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Dr. Gholnecsar Muhammad has held many roles in education from teacher to curriculum director to school board president to associate professor. She studies Black historical excellence in education, intending to reframe curriculum and instruction today. Dr. Muhammad’s books Cultivating Genius: An Equity Model for Culturally and Historically Responsive Literacy and Unearthing Joy are two of my favorite educational books of all time.
In this episode, we talk about her latest book, Unearthing Joy!
The Big Dream
Our children, teachers, and communities deserve genius, justice, and joy.
It’s more than happiness and parties. In studying what joy was for the ancestors: Happiness is more immediate. Joy is long-term, it’s sustainable. Joy is what you have when adversity continues to strike and you retain your happiness. The ancestors define joy as wellness, as healing, as abolition, as working toward a better humanity for all. Joy is the beauty, the aesthetics we recognize within ourselves and within humanity. It’s centering love and music and art in our learning experiences and our childrens’ voices. Joy is doing things as a collective. It is wide.
There’s a beautiful relationship between justice and joy. Joy offers solutions and hope. We don’t get to joy if there’s no justice.
Creating a culture of joy is anywhere from the way we greet students and what’s on the walls and the room’s colors, but it’s also how we make it a prominent goal, almost like a learning standard, in our curriculum and instruction.
Teacher as Artist
We are artists! We create from the world around us just like any other artist. We read the word, the world, and we create. Our art is our curriculum.
I worked with Bisa Butler and saw how she creates. I watch my husband create music. I do the same things when I write curriculum!
I get inspiration from everything. Even silly Netflix shows!
I ask myself: What issues are most urgent to be taught right now? Out of all of the things, what must I teach? Sometimes I start with a text I read. Sometimes a learning standard. Sometimes a theme or concept. I try to create and design around our social times and what our children need today.
A metaphor for cultivating teachers’ curricular fluency: fashion designer!
We have to believe in the genius of our teachers. They’re not often given the time to do the work. Sometimes I’ll just share the model and give teachers 20 minutes to go into groups and create. The work that comes out of that is exhilarating! What I learned from that is teachers need time and space and each other to do this work. There’s joy, energy, and transformation when we collaborate. These spaces create possibilities and we hold one another accountable for teaching criticality, multiple identities, and justice.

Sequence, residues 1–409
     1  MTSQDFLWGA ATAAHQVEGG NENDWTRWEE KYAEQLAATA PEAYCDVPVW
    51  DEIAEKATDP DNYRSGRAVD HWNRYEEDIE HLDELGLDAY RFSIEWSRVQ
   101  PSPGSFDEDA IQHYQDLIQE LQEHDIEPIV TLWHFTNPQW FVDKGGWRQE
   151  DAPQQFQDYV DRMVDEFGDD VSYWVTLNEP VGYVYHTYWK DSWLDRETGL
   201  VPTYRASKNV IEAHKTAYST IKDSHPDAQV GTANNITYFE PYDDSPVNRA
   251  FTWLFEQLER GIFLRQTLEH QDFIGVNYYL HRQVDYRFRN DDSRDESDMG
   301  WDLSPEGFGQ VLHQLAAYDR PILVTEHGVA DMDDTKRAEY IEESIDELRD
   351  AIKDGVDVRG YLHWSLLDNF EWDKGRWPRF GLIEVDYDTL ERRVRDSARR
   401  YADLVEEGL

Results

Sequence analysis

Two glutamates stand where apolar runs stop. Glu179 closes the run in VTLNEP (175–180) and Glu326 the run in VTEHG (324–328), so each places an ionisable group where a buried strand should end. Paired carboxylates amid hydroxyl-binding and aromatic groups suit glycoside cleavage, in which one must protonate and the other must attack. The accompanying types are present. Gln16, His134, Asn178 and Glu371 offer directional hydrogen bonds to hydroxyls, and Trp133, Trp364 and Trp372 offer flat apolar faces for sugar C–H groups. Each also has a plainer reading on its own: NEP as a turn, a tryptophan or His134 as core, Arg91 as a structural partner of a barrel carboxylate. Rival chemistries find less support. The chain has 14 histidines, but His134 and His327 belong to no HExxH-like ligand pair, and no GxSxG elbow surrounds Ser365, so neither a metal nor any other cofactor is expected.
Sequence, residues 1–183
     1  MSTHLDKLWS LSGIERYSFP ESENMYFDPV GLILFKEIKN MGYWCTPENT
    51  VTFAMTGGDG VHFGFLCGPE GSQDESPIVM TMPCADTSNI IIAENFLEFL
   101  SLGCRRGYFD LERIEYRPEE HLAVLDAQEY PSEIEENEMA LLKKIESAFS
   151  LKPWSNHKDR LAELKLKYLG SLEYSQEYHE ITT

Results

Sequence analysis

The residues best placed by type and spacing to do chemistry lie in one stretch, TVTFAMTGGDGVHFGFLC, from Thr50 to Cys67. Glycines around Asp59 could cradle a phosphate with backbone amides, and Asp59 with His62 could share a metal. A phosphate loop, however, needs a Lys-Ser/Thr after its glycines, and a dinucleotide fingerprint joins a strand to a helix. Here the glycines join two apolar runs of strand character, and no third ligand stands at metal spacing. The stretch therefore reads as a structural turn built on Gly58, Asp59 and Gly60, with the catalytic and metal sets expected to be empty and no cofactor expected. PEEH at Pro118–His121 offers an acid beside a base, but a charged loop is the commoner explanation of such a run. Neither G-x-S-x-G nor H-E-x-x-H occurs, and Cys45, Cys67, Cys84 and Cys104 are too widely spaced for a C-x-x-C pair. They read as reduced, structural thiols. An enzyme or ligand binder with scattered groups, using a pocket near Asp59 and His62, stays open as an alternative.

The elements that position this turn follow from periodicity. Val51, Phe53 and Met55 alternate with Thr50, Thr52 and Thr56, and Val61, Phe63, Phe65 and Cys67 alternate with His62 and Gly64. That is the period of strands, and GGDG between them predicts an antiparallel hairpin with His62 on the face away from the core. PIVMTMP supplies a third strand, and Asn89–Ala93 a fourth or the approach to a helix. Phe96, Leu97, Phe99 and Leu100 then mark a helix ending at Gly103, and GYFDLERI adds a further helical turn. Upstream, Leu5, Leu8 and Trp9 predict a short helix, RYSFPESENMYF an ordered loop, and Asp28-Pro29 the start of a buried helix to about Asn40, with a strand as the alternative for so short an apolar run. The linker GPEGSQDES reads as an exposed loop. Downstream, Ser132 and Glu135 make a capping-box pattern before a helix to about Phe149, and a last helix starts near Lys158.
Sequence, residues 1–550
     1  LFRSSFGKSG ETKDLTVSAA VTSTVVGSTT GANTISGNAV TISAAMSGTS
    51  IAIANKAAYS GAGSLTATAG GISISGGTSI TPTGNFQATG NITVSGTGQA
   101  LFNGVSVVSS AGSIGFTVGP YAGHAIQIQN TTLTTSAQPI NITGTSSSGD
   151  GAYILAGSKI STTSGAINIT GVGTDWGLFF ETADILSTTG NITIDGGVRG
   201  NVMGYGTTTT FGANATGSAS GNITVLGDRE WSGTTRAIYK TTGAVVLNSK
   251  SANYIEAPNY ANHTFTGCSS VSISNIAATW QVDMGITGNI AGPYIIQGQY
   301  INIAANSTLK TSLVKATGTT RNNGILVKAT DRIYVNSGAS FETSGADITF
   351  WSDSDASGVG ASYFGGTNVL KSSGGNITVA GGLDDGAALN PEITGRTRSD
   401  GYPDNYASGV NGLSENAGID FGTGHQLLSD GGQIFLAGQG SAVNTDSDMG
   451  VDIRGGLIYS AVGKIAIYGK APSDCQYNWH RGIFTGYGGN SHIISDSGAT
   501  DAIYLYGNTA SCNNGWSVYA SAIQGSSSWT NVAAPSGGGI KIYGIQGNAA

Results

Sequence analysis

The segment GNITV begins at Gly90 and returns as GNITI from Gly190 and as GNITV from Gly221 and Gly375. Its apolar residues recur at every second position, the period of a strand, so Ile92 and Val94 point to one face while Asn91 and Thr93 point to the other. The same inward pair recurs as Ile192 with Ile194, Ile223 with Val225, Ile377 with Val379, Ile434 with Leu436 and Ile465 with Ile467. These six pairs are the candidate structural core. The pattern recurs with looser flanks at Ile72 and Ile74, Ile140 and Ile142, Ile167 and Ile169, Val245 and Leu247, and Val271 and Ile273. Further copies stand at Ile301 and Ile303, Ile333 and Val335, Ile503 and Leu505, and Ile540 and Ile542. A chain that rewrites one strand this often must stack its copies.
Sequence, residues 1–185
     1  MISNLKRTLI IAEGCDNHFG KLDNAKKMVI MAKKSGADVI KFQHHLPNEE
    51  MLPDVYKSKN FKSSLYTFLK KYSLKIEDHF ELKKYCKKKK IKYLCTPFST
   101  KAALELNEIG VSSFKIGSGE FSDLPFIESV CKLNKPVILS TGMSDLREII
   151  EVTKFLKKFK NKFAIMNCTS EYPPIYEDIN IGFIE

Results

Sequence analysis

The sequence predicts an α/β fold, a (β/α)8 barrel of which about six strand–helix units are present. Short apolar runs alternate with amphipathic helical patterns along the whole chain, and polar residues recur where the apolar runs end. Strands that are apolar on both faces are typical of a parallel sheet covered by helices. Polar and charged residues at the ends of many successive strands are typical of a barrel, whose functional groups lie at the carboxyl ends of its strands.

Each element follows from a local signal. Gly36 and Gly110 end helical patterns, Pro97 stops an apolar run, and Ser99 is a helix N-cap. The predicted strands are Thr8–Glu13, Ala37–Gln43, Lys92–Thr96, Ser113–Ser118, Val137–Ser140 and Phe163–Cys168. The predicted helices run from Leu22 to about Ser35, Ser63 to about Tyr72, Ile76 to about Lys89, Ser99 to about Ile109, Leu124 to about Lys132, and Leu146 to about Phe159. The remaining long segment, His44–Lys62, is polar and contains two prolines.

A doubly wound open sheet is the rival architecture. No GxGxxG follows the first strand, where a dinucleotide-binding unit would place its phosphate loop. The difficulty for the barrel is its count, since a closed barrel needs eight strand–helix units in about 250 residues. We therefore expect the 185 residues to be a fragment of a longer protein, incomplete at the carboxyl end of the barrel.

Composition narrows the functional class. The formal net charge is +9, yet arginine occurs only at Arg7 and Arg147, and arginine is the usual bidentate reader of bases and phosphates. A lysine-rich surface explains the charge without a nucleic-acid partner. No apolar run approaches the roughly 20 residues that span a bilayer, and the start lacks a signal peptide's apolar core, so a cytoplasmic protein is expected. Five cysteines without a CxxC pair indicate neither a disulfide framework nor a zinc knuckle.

We need to give teachers more time. We still do education like we did in 1638 in this country. The way we schedule, train, prepare, and teach. It’s time for an overhaul.
We want to be excellent, we don’t want to be okay or basic. In response to resistance, I always respond with love. For the most part, people are against this work because they don’t know or they’re afraid.
This is not new work. Black Americasn have been doing this work since the 1800s. We have to build our capacity. Get uncomfortable. Lose our egos. Stop being so mean.
Dr. Yolanda Sealey-Ruiz says this requires an archeological dig of the self. It starts with critical love and critical humility. Step back and listen, learn, and heal.
We shouldn’t hire educators who don’t have a record of anti-racism. Hire people who are ready and prepared or at least willing to do this work. Then we don’t have to keep fighting folx who don’t want humanizing practices.
One Step to Get Started
Don’t just wait for something to pop up on the news. Do your work. Read. Be a scholar of education. Engage with multimodal texts (like podcasts!) and don’t rely on just one person for information. Also, use multimodal texts with students.
For a joyful experience, dig into Unearthing Joy. There are songs, artwork, poetry, and coloring book pages.
You can find this week’s guest on @GholdyM on Twitter and Instagram.
To help you start building your curriculum designing capacity, I’m sharing my Curriculum Boot Camp Planner with you for free. And, if you’re looking for more details on the ideas in this blog post, listen to episode 105 of the Time for Teachership podcast. If you’re unable to listen or you prefer to read the full episode, you can find the transcript here.
If you enjoyed this episode, check out my YouTube channel where I do things like walk you through how I approach student-centered, culturally sustaining unit design.
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Lindsay Lyons (she/her) is an educational justice coach who works with teachers and school leaders to inspire educational innovation for racial and gender justice, design curricula grounded in student voice, and build capacity for shared leadership. Lindsay taught in NYC public schools, holds a PhD in Leadership and Change, and is the founder of the educational blog and podcast, Time for Teachership.